A. R. s. K.

1 The rubus in later Hebrew is rup (cp BUSH, i [i]) ; the 1DN (EV bramble, RVmg;. thorn ) of Jotham s fable is the Rhamnus or buckthorn (cp BRAMBLE, i). A singular ignorance of the history of plants is betrayed by Gratz in his attempt (MG J^y 21390) to identify the atad with the Opuntia ficus indica, the Indian fig or prickly pear (which now forms so conspicuous a feature of an Eastern landscape), whose figs hold a place almost second to none in the summer dietary of the Syrian peasant." This species of cactus is a comparatively recent importation from America.


(nBTHD) Lev. 2 7. See COOKING UTENSILS, 7.


([B>K] r6b^D, Is. 9519; n!??K, Ezek. 15 4 6 21 32 [37])- See COAL, 2.


(D33P, lit. treader 1 [nAyNCON, BKAQF] Mai. 82; rN&4>eyc M k-9s). In the preparation of woven woollen materials there are two processes, both of which are now termed fulling (from the Low Lat. fullare) ; probably at one time a common operation sufficed for both. The primary sense is to cleanse or bleach, and this is undoubtedly the sense in Mk. 93. The secondary is to mill or felt the wool together in such a way as to minimise shrinkage in the finished article. This is done by heating or stamping the woven fabric in hot water. Cp LYE, NITRE, SOAP.

The Fuller s field (0513 rntr, dypbs r. yvafous [BAL], ager fullonis) is mentioned only in defining the locality of the conduit of the upper pool. Its exact position is obscure. Stade (G VI 1 592 /. ) suggests that it lay to the SE. of Jerusalem. From Is. 862 ( =2 K. 1817) it would appear to have been situated on the road to Lachish, whereas in Is. 7s a N. or NW. position is looked for. At all events it must have been near the w,all (36n); see JERUSALEM. The fuller s monu ment (rb TOV yvafaus /j.vTJfj.a) with which it has been associated, lay near the NE. corner of the third wall (Jos. BJ v. 42).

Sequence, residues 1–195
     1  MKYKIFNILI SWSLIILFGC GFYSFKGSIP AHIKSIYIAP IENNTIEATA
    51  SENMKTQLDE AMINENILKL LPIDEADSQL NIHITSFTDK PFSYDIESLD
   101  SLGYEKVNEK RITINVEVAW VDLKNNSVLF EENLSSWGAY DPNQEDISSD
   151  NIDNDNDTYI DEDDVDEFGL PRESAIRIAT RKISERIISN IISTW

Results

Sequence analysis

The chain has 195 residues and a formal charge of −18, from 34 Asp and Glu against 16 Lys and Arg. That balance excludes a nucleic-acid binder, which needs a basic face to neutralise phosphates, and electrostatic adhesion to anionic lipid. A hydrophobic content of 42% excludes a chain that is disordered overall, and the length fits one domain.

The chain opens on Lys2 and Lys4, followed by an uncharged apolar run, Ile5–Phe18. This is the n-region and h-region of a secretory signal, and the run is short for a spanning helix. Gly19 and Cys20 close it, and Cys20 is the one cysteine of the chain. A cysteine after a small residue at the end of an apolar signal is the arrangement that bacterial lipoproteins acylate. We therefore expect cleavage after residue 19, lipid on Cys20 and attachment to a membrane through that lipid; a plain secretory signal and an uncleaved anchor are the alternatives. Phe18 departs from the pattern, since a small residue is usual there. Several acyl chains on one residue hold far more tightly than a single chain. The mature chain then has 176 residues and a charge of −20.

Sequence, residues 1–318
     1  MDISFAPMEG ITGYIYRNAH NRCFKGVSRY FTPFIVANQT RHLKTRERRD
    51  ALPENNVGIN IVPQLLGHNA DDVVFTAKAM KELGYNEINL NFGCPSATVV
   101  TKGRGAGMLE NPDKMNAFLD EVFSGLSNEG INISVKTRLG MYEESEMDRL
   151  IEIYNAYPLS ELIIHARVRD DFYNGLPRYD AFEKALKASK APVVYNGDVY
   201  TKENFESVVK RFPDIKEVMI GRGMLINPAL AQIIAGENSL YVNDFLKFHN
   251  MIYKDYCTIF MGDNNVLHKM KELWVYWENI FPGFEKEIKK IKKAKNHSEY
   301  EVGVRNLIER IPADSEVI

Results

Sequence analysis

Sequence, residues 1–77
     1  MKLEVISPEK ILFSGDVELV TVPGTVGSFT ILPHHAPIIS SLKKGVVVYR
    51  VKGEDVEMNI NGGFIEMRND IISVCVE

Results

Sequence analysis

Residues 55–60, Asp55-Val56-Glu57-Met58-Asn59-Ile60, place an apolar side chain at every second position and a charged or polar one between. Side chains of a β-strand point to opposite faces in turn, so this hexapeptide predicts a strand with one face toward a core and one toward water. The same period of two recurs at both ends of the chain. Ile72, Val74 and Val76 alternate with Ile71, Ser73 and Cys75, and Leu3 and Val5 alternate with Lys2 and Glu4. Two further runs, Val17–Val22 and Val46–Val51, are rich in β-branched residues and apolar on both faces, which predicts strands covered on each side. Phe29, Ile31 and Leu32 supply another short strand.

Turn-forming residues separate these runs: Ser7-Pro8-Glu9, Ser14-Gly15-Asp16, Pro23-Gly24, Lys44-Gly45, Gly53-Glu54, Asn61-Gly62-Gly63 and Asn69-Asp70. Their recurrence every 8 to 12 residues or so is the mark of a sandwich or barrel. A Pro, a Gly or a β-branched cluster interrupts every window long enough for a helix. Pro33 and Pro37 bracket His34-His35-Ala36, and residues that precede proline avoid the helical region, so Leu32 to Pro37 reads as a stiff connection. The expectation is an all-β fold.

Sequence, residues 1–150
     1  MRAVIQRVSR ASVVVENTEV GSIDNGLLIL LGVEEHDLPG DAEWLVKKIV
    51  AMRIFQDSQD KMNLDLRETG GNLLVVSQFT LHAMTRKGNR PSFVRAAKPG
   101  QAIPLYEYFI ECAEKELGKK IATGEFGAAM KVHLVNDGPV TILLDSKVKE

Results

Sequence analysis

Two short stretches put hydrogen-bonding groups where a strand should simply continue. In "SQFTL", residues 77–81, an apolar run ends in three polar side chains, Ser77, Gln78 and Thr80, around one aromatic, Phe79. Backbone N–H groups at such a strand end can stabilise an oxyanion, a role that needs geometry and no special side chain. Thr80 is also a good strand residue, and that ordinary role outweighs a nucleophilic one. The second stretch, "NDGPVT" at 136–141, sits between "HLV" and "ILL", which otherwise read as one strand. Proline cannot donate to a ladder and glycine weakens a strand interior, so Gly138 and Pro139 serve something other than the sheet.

It is perhaps an objection to the usual rendering of the name that elsewhere the Piel form of ODD is regularly met with, the Kal particip. D33 finding its only analogy in the Punic D3.3 a washerman). For another supposed resort of fullers, see EN-ROGEL. A. E. S.-S. A. C.

1 Fuller comes ultimately from ~L,z.\..fullo. The true Eng. term is walker (ilso in Germ.), for which cp Wyclif, Mk. 9 3 : a fullere or walkere of cloth.

2 For the Egyptian potter s furnace see illustration in Wilk. Anc. Eg. 2io8.


(CT&A ION), Mt. 1424, etc. See WEIGHTS AND MEASURES.


Of the words enumerated below, nos. 1-4 are names for smelting furnaces, though no. 3, if a genuine word, rather means crucible. All except no. 3 are rendering by /cd/atj os, which is also used in Ecclus. 8828 Rev. lis of the smelting furnace, and in Ecclus. 27s and 8830 of that of the potter. 2 "K6.fj.Lvos furnace in Mt. 1842 50 is a symbolic term for Gehenna, which was imagined as a fiery furnace, on the ground that, according to Is. 31 9, God had a furnace in Jerusalem ( Erubtn 19 a), cp TOPHET ; ESCHATOLOGY, 70, 3[v]. In Dan. 3 a fiery furnace is mentioned as used for the punishment of great offenders, and roasting in the fire is the anticipated punishment of two Jews in the Babylonian period (Jer. 2921-23). That this was a Babylonian practice is undeniable (see, e.g. , Smith, Hist, of Assurbanipal, 163 ; cp AHAB, 2). It has also been reported as found in Persia down to the seventeenth century (Chardin).